Summary features of Victoria

    Growing

  • Gardening skill: Average?
  • Cropping: Heavy
  • Fertility: Self-fertile?
  • Flowering group: 3?
  • Pollinating others: Good?
  • Ploidy: Diploid?
  • Vigour: Average growth?
  • Bearing regularity: Regular?
  • Fruit persistence: Ripens over a period?
  • Attractive fruit
  • Overall disease resistance: Poor?
  • Organic / no-spray culture?
  • Canker: Very susceptible?
  • Silverleaf: Very susceptible?
  • Plum pox virus: Some susceptibility?

    Uses

  • Picking season: Mid
    Late August?
  • Use / keeping: 1 week?
  • Flavour quality: Exceptional
    Exceptional when cooked?
  • Flavour style: Sweet/Sharp
  • Good for cooking
  • Cooking result: Puree

    Identification

  • Country of origin: United Kingdom
  • Period of origin: 1800 - 1849
  • Fruit colour: Red
  • Blossom colour: White
  • Leaf colour: Green
  • RHS AGM: RHS AGM
  • Popularity: Best sellers?


Pollination guide for Victoria

Victoria is in flowering group 3. Victoria is self-fertile and does not need a pollination partner, although fruiting may be improved if there is a compatible tree of a different variety nearby. Since it flowers in the middle of the blossom season it can be pollinated by most other plum trees.

How to grow Victoria plum trees

Victoria is easy to grow but there are a couple of problems to look out for. Firstly it is susceptible to silver leaf and bacterial canker, the two classic plum diseases. Bacterial canker is more prevalent in the wetter climates of the western UK, and is less of an issue elsewhere. Silverleaf is a fungal disease and trees are most at risk in winter, so for this reason never prune a Victoria plum (or any plum variety) in winter, always wait until early summer - or preferably try to avoid pruning at all. Inspite of these potential issues, Victoria plum trees usually grow enthusiastically and tend to shrug off most problems.

On the plus side, Victoria blossom is fairly resistant to frost.

Victoria has a wide climate range and provided you can give it a sheltered spot will grow successfully as far north as Aberdeen, as well as on the south coast. It is popular on the Continent, being relatively cold-hardy and able to cope with Continental winters, as well as hot Mediterranean summers.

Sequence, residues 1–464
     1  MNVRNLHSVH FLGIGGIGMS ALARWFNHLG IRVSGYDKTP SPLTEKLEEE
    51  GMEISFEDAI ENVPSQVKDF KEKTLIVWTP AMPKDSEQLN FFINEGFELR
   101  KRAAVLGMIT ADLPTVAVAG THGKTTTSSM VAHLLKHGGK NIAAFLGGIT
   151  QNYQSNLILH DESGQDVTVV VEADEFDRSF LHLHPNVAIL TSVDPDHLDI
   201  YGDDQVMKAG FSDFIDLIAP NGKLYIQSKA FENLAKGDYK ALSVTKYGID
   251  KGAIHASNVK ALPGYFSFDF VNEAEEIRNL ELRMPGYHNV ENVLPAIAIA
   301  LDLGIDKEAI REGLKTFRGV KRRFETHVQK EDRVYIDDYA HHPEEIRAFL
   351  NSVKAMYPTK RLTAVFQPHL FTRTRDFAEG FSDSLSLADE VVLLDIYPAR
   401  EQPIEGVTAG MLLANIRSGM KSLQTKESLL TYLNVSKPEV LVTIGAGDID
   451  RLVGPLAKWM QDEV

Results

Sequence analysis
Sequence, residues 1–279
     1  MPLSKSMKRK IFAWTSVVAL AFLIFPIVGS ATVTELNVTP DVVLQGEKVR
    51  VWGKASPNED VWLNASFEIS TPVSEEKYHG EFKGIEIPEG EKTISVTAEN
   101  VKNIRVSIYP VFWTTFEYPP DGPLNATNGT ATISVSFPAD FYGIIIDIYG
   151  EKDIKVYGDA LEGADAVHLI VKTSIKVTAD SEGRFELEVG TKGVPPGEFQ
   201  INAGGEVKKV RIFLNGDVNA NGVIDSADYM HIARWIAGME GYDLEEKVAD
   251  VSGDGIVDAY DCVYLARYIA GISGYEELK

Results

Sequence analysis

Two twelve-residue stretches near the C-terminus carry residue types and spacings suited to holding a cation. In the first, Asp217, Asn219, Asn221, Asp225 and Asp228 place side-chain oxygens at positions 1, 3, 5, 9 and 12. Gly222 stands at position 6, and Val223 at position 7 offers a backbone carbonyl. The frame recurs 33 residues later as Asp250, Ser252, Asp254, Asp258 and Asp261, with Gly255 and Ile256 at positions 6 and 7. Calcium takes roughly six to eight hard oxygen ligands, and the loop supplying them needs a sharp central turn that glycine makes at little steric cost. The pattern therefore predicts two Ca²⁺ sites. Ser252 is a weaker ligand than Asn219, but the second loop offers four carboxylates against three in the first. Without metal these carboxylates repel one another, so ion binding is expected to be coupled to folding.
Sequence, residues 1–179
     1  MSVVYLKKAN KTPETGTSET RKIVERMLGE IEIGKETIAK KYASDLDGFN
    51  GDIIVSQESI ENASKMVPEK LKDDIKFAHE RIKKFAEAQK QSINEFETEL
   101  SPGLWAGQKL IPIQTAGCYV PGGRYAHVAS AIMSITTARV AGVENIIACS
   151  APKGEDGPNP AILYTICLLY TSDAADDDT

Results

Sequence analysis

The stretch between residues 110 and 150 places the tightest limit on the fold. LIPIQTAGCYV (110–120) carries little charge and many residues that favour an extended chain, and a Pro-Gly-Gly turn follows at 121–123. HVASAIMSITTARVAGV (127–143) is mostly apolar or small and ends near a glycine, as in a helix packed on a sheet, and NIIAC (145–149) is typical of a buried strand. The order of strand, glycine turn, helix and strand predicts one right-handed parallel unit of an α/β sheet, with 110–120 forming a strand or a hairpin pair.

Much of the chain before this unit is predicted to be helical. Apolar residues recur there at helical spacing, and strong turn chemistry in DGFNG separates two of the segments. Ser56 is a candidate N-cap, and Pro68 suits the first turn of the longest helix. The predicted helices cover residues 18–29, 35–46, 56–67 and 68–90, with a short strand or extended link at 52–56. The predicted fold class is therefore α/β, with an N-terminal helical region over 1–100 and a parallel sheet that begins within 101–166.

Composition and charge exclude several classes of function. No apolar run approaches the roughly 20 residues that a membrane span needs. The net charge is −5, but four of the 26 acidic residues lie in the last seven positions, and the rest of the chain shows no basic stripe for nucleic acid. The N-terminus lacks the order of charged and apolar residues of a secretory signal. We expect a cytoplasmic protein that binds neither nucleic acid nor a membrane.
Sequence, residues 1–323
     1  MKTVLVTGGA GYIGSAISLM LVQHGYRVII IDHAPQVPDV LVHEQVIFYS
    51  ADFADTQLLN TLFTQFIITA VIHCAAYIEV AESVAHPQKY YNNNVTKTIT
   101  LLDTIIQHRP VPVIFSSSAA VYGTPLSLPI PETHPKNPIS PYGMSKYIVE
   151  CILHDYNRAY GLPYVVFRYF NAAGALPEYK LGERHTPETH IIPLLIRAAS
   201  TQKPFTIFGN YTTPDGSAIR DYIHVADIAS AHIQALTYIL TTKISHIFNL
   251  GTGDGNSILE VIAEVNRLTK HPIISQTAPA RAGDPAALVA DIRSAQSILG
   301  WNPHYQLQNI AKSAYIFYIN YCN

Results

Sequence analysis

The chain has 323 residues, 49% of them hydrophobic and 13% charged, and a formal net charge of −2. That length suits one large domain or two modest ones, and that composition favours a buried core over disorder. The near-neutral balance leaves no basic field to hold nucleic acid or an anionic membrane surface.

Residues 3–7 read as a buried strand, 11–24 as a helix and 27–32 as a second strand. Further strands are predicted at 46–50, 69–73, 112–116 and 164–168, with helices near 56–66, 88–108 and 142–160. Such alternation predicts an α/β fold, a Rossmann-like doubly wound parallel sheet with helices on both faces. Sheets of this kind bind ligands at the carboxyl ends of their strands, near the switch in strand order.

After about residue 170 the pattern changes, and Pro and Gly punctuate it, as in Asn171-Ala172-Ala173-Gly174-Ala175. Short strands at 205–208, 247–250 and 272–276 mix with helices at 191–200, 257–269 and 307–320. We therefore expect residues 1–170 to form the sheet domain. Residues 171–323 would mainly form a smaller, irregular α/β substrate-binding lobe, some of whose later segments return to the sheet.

Victoria produces a lot of pollen and is a useful pollinator of other mid-season flowering plum varieties.

Left un-trained, most plum trees will grow into a standard tree-shape, which is however not the best structure for supporting the heavy crops which Victoria is capable of. A Victoria plum with a branch broken under the weight of fruit is an all too-common sight - and of course broken branches are ideal entry points for the fungal diseases to which Victoria is susceptible. This problem can be avoided by encouraging the young tree to grow as a shorter-stemmed bush with wide-spreading branches and the central leader retained, or supported as a fan on a wall. Thinning the fruitlets during May will also help, and the remaining plums will be larger and have a more concentrated flavour.

Even if you thin the fruitlets Victoria is invariably a very heavy-cropping tree, in fact probably the heaviest-cropping of all European plums. In a trial carried out by FAST (who run the UK National Fruit Collections) in 2011, Victoria plum trees yielded almost a third more in weight of fruit than the nearest rival, the excellent modern variety Haganta - although many of its rivals have larger fruits and arguably better flavour for eating fresh.



Historical details

Victoria was found growing in a garden in Sussex, in the early 1800s, and introduced for sale in the 1840s by Denyer, a nurseryman from Brixton in south London. Its parentage is unfortunately not known.


Botanical name

Prunus domestica 'Victoria'


Related variety collections

Small orchard selection, Mother's Day Collection



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UK-grown trees All our trees are grown in the UK.